An Australian student who was released after being held in North Korea had been “spying” in the reclusive country, state media said Saturday (Jul 6).
Alek Sigley, 29, disappeared around two weeks ago, prompting deep concern about his fate, but was freed and flew to Japan on Thursday.
“Investigation revealed that at the instigation of the NK News and other anti-DPRK media, he handed over several times the data and photos he collected and analysed while combing Pyongyang by making use of the identity card of a foreign student,” the North’s Korean Central News Agency (KCNA) said.
His latest post, uploaded on Apr 30, describes his dining experiences in Pyongyang, according to the NK News website.
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“The six articles Alek published represent the full extent of his work with us and the idea that those columns, published transparently under his name between January and April 2019, are “anti-state” in nature is a misrepresentation which we reject,” Chad O’Carroll, CEO of NK News publisher the Korea Risk Group, said in a statement.
“Alek Sigley’s well-read columns presented an apolitical and insightful view of life in Pyongyang which we published in a bid to show vignettes of ordinary daily life in the capital to our readers,” O’Carroll added.
Sigley admitted his “spying acts” and repeatedly asked for a pardon, KCNA added.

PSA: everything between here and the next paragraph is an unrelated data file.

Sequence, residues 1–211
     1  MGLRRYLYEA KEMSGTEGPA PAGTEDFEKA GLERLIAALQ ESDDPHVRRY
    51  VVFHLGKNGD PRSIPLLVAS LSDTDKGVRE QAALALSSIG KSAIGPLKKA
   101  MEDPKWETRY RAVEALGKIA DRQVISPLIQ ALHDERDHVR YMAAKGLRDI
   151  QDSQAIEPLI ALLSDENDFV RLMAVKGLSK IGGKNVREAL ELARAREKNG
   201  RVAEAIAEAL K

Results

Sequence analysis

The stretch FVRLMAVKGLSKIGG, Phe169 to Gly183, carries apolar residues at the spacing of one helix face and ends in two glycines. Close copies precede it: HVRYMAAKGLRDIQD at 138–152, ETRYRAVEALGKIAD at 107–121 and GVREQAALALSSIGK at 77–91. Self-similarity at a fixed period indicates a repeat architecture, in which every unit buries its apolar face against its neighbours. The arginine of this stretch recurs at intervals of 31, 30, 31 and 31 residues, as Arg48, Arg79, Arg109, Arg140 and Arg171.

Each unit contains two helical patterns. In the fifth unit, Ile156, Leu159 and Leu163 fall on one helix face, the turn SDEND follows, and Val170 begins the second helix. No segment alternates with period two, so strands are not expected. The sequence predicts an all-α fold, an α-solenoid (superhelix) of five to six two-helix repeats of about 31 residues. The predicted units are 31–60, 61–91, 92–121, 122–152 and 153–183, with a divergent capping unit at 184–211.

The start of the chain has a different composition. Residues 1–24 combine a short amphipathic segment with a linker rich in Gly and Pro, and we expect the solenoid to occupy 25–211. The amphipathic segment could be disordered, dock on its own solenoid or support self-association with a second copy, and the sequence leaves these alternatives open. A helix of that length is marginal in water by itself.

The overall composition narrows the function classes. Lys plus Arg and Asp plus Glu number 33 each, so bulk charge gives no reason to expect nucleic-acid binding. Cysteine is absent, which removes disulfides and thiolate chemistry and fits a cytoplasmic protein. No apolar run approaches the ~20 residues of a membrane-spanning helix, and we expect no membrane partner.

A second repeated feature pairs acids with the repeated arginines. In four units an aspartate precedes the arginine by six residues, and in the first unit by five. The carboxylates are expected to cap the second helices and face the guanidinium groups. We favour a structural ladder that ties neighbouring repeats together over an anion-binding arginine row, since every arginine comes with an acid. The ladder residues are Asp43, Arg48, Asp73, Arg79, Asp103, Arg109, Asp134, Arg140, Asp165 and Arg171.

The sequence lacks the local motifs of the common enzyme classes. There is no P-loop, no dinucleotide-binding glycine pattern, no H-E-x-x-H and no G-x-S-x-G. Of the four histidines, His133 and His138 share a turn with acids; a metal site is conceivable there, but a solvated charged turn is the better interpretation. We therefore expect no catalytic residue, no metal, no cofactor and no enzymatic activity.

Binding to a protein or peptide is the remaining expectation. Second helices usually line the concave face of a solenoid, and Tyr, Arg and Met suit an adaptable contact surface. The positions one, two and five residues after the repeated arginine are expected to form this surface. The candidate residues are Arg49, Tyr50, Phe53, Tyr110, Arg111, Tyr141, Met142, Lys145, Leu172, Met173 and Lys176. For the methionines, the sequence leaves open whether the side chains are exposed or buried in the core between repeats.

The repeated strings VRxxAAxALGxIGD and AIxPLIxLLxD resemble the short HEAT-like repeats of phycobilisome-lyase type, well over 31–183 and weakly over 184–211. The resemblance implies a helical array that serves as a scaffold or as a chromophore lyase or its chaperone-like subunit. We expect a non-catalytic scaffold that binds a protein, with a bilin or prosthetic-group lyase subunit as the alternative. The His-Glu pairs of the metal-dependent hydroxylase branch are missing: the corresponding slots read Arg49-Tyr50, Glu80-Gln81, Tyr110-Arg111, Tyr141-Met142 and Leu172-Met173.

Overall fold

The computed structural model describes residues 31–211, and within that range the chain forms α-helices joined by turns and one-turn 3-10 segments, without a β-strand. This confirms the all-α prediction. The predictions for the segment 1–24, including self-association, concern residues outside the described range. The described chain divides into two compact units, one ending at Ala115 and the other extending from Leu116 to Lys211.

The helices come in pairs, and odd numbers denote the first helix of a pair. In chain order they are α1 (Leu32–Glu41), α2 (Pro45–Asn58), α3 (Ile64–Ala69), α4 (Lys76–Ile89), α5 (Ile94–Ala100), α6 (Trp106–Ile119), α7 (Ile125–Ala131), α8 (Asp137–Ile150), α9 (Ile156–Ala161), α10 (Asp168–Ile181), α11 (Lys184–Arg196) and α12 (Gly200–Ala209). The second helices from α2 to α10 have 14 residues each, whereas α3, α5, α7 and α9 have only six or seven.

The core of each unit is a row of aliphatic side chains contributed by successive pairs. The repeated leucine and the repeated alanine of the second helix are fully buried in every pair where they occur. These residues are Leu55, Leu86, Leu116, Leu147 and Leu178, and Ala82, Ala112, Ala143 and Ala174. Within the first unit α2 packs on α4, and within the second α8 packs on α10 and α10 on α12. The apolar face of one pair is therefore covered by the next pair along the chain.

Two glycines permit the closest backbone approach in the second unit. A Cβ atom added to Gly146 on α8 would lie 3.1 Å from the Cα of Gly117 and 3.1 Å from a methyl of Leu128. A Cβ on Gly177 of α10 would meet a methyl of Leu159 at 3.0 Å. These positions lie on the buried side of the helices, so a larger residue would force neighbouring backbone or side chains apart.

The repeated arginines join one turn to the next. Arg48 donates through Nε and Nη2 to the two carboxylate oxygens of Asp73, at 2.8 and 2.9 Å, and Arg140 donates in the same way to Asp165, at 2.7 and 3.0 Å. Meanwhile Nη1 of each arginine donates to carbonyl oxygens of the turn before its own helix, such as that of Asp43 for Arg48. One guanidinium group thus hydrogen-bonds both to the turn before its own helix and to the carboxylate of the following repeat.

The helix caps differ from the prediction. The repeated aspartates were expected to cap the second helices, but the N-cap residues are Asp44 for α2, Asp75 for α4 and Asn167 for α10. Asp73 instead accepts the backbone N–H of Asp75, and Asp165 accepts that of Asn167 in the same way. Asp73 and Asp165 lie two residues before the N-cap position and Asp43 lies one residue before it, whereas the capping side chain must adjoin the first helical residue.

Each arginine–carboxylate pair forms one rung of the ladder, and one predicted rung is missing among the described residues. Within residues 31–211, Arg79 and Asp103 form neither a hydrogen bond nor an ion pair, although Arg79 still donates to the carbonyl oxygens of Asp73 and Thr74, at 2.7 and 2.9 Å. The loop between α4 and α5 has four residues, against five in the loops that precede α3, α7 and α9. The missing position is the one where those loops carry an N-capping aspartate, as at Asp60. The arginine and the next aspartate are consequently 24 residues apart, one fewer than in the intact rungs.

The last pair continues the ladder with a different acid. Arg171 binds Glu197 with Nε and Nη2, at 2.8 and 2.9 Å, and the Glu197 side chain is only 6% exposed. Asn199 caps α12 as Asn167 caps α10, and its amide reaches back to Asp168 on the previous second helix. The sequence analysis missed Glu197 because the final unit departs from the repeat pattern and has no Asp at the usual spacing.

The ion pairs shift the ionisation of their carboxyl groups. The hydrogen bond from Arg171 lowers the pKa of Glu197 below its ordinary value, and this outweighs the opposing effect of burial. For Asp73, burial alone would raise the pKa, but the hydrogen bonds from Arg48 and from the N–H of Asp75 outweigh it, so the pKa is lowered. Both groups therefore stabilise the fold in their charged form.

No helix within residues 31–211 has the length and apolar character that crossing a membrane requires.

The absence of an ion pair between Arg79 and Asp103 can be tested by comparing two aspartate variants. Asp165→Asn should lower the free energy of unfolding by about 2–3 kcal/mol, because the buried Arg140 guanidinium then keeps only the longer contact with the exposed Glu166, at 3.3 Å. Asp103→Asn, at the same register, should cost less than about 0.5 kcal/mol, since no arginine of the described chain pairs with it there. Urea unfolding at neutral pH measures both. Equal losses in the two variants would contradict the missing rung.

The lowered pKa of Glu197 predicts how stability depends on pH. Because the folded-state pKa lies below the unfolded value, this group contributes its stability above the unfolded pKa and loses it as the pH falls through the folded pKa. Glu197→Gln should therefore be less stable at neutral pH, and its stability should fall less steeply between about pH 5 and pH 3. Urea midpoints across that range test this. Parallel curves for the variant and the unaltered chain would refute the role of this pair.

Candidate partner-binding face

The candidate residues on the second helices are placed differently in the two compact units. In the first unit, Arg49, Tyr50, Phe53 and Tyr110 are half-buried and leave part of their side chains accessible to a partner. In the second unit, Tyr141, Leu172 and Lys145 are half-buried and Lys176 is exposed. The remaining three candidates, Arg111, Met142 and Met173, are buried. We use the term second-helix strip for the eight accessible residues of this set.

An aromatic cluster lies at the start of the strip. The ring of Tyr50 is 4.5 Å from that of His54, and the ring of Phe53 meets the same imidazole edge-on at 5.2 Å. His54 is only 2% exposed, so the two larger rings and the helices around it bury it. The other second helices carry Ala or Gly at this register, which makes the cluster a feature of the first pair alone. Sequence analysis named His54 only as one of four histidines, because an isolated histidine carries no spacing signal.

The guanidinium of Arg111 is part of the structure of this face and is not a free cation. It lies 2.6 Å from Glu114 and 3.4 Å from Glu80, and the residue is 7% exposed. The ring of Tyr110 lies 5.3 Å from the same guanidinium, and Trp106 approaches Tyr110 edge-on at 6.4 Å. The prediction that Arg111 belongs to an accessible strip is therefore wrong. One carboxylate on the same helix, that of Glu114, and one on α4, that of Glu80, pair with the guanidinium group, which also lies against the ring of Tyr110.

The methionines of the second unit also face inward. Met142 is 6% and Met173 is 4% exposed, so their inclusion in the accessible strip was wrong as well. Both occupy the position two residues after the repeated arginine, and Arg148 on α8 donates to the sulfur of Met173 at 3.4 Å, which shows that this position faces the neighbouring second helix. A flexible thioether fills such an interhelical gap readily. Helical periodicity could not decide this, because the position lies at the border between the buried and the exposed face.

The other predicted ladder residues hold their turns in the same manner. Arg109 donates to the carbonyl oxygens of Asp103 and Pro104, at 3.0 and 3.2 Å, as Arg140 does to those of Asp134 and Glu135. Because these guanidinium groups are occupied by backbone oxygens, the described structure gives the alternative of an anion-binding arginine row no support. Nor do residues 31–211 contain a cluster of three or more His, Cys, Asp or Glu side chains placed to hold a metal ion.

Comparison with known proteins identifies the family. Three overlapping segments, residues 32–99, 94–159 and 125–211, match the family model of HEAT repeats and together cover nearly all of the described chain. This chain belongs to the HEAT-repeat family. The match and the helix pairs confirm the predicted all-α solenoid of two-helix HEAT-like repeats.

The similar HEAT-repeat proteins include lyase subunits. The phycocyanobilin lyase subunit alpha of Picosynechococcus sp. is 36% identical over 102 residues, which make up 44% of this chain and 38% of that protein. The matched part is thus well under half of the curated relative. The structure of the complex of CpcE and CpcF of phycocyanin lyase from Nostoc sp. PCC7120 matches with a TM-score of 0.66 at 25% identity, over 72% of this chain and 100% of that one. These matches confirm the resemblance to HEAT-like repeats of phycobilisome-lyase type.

“The government of DPRK has exercised humanitarian forbearance and deported him from our grounds on Jul 4.”
Sigley left North Korea on Thursday and flew to Beijing, where he was met by Australian officials for the flight to Tokyo to join his Japanese wife.
He declined to comment to a throng of reporters at Haneda Airport, only making a peace sign before being taken away.
In an email statement on Friday, Sigley made no mention of the reason for his detention or what happened to him. “I intend now to return to normal life,” he said, before thanking the Swedish and Australian governments for their help securing his release.
“I just want everyone to know I am OK,” he said. “I’m very happy to be back with my wife, Yuka, and to have spoken with my family in Perth to reassure them I’m well.”
Swedish authorities played a crucial role because Australia has no diplomatic presence in North Korea and relies on other countries to act on its behalf.
The Swedish diplomat who helped secure Sigley’s release, Kent Harstedt, told Reuters by phone he could not divulge details of the detention.
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Sigley, who speaks fluent Korean, had been one of very few westerners studying in Pyongyang.
He organised tours to North Korea, and ran a number of social media sites which usually had a stream of apolitical content about life in one of the world’s most secretive nations.
His blog posts focused on everyday Pyongyang – everything from the city’s dining scene to North Korean app reviews – and he married his Japanese wife there last year.
The Australian government has warned him not to return to North Korea.